We demonstrate that the federated global estimator is able to avoid negative transfer (pan2009survey) so that incorporating data from other hospitals does not diminish the performance of the estimator. Specifically, we avoid negative transfer by proposing and solving a penalized regression on summary statistics of the influence function. Statistically, this strategy has the advantages of a) producing a data-adaptive estimator, b) ensuring valid inference, and c) efficiently leveraging information from multiple sources. Practically, this strategy allows us to make hospital comparisons on treatment-specific outcomes and identify peer hospitals from hospital-level weights.

In this paper, we focus on the setting where the target population of interest is the case-mix of a particular hospital. However, our method permits flexibility in the specification of the target population, encompassing either direct standardization (where each hospital’s patient sample is re-weighted to be representative of a specific population) and indirect standardization (where a particular hospital’s patient case-mix is the target population) when desired.

We focus on the problem of quality measurement across a set of candidate CCE across states (centers). Studying Medicare patients admitted to these 51 hospitals for AMI, we examine differences in outcomes between patients who received PCI and those who received MM. We also benchmark target hospitals relative to other hospitals (which we term “source” hospitals). Our approach can estimate contrasts within hospitals and between hospitals, whereas the typical quality measurement approach endeavors to only estimate contrasts on all patients between hospitals, or for interventional treatment only. In this sense, our approach can also be seen as a more general approach to quality measurement.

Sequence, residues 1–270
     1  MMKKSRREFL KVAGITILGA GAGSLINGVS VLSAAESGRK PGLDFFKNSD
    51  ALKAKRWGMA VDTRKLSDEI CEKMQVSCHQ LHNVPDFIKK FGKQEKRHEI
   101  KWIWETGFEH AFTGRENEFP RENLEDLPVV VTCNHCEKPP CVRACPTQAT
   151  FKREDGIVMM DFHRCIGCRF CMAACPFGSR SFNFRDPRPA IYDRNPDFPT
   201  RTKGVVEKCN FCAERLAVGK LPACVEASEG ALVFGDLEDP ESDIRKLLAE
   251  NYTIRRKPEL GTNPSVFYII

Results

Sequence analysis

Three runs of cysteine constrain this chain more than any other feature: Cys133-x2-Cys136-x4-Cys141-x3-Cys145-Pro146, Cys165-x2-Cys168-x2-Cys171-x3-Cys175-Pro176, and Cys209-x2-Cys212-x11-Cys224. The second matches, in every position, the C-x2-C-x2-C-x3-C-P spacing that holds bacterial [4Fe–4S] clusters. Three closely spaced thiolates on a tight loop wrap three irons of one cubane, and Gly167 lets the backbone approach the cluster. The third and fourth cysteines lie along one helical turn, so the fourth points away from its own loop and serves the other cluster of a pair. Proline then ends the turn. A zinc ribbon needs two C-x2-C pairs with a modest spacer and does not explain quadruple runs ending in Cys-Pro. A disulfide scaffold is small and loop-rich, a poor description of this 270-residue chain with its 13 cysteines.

The paper proceeds as follows. In Section 2 we detail the federated Medicare dataset for measuring the quality of care provided by CCE. Section 3 describes the problem set-up, identifying assumptions, estimation procedures, and results for inference. In Section 4, we demonstrate the performance of the federated global estimators in extensive simulation studies. In Section 5, we evaluate the quality of overall AMI care, PCI care, and MM care provided by candidate CCE. Section 6 concludes and discusses possibilities for future extensions of our work.

2 Measuring Quality Rendered by CCE

2.1 Building Medicare Records

Our federated dataset consists of a sample of fee-for-service Medicare beneficiaries who were admitted to short-term acute-care hospitals for AMI from January 1, 2014 through November 30, 2017. A strength of this dataset is that it is representative of the entire fee-for-service Medicare population in the United States. Importantly, the Medicare claims include complete administrative records from inpatient, outpatient, or physician providers. For each patient, we used all of their claims from the year leading up to their hospitalization to characterize their degree of severity upon admission for AMI. ICD-9 and ICD-10 diagnosis and procedure codes in the inpatient records permit easy identification of AMI admissions and PCI treatment status, and mortality status is validated for the purpose of accurate measurement of our outcome.

To ensure data consistency, we excluded patients under age 66 at admission or who lacked 12 months of complete fee-for-service coverage in the year prior to admission. We also excluded admissions with missing or invalid demographic or date information, and patients who were transferred from hospice or another hospital. After exclusions, we randomly sampled one admission per patient.

2.2 Identifying CCE